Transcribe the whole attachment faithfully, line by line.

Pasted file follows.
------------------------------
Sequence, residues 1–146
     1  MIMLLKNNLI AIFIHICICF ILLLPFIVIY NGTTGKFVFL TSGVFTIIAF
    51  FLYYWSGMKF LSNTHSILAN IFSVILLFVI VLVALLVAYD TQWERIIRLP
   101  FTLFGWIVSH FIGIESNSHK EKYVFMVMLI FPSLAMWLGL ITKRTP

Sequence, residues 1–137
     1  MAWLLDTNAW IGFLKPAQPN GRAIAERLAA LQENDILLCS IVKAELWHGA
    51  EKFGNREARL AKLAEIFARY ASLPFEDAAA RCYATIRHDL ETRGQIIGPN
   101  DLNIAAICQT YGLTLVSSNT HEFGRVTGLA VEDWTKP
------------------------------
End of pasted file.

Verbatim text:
Sequence, residues 1–146
     1  MIMLLKNNLI AIFIHICICF ILLLPFIVIY NGTTGKFVFL TSGVFTIIAF
    51  FLYYWSGMKF LSNTHSILAN IFSVILLFVI VLVALLVAYD TQWERIIRLP
   101  FTLFGWIVSH FIGIESNSHK EKYVFMVMLI FPSLAMWLGL ITKRTP

Sequence, residues 1–137
     1  MAWLLDTNAW IGFLKPAQPN GRAIAERLAA LQENDILLCS IVKAELWHGA
    51  EKFGNREARL AKLAEIFARY ASLPFEDAAA RCYATIRHDL ETRGQIIGPN
   101  DLNIAAICQT YGLTLVSSNT HEFGRVTGLA VEDWTKP